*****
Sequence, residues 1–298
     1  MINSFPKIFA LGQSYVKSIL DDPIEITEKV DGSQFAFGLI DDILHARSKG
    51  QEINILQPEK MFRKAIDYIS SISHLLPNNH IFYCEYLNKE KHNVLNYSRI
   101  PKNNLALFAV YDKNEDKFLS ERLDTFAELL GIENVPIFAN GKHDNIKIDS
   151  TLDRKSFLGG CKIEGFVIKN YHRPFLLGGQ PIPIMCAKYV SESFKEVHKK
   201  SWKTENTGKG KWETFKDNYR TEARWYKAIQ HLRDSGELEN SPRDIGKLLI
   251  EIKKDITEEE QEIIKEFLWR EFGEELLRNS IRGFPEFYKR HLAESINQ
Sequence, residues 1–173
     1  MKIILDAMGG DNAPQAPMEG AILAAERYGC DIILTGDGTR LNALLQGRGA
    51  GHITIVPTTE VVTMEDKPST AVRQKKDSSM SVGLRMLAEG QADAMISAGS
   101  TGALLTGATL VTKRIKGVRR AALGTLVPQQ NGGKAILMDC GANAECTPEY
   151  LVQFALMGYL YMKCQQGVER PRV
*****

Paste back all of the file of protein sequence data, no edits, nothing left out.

Sequence, residues 1–298
     1  MINSFPKIFA LGQSYVKSIL DDPIEITEKV DGSQFAFGLI DDILHARSKG
    51  QEINILQPEK MFRKAIDYIS SISHLLPNNH IFYCEYLNKE KHNVLNYSRI
   101  PKNNLALFAV YDKNEDKFLS ERLDTFAELL GIENVPIFAN GKHDNIKIDS
   151  TLDRKSFLGG CKIEGFVIKN YHRPFLLGGQ PIPIMCAKYV SESFKEVHKK
   201  SWKTENTGKG KWETFKDNYR TEARWYKAIQ HLRDSGELEN SPRDIGKLLI
   251  EIKKDITEEE QEIIKEFLWR EFGEELLRNS IRGFPEFYKR HLAESINQ
Sequence, residues 1–173
     1  MKIILDAMGG DNAPQAPMEG AILAAERYGC DIILTGDGTR LNALLQGRGA
    51  GHITIVPTTE VVTMEDKPST AVRQKKDSSM SVGLRMLAEG QADAMISAGS
   101  TGALLTGATL VTKRIKGVRR AALGTLVPQQ NGGKAILMDC GANAECTPEY
   151  LVQFALMGYL YMKCQQGVER PRV